> "...so my question is, will the backup utility automatically us[e] my cdrw
    > drive?"
    >
    > "Windows Backup Does Not Back Up to CD-R, CD-RW, or DVD-R Devices"
    > http://support.microsoft.com/default.aspx?scid=kb;en-us;315255
    >
    > If you're serious about backing up your complete hard disk - which is a
    > wise
    > and excellent idea - you would do well to look into disc imaging software.
    > Such software will make a complete copy of your entire disc (or a
    > partition)
    > quickly and easily, and you can easily restore the same.
    >
    > There are several disc imaging programs, but two that are often mentionned
    > are Symantec's Norton Ghost 9.0
    > (http://www.symantec.com/sabu/ghost/ghost_personal/index.html) and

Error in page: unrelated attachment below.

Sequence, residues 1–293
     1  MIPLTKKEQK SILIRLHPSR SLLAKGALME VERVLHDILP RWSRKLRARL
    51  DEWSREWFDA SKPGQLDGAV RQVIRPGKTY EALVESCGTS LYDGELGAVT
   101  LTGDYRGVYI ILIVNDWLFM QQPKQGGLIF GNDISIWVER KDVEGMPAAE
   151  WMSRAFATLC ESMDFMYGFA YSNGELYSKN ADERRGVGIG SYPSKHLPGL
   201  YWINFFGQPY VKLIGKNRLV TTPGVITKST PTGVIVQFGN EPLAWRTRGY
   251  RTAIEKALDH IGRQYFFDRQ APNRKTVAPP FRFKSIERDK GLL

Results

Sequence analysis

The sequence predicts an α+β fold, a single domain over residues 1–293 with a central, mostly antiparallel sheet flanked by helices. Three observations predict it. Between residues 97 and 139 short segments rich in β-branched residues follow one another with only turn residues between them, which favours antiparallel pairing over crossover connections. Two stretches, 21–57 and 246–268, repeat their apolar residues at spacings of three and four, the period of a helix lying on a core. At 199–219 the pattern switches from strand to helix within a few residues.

> Acronis'
    > True Image 8.0 (http://www.acronis.com/homecomputing/products/trueimage/),
    > both of which are widely available at a discounted price.
    >
    > You do need to take your time, however, because the seemingly simple act
    > of
    > "imaging" a hard disk is actually quite complex. You'll want to read the
    > instructions very carefully before you try it. However, once you're all
    > set
    > with what to do, you'll wonder how you ever got along without disc imaging
    > software!
    > --
    > Ted Zieglar
    > "You can do it if you try."


    Robin:
    Ted's advice re using a disk imaging program such as Symantec's Norton Ghost
    or Acronis True Image is sound advice and I hope you will take it to heart.

    But I want to make one comment concerning his statement that the "imaging
    (process of a) hard disk is actually quite complex". It is true that from
    the disk imaging program's point of view the process of "cloning" one disk
    to another disk *is* quite complex. But that should *not* be translated as